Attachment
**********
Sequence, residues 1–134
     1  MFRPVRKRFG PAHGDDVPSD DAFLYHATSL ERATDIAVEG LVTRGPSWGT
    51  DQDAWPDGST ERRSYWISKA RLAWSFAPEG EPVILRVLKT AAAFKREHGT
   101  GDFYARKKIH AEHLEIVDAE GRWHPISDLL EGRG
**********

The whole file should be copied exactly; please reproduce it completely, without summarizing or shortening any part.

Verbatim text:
Sequence, residues 1–134
     1  MFRPVRKRFG PAHGDDVPSD DAFLYHATSL ERATDIAVEG LVTRGPSWGT
    51  DQDAWPDGST ERRSYWISKA RLAWSFAPEG EPVILRVLKT AAAFKREHGT
   101  GDFYARKKIH AEHLEIVDAE GRWHPISDLL EGRG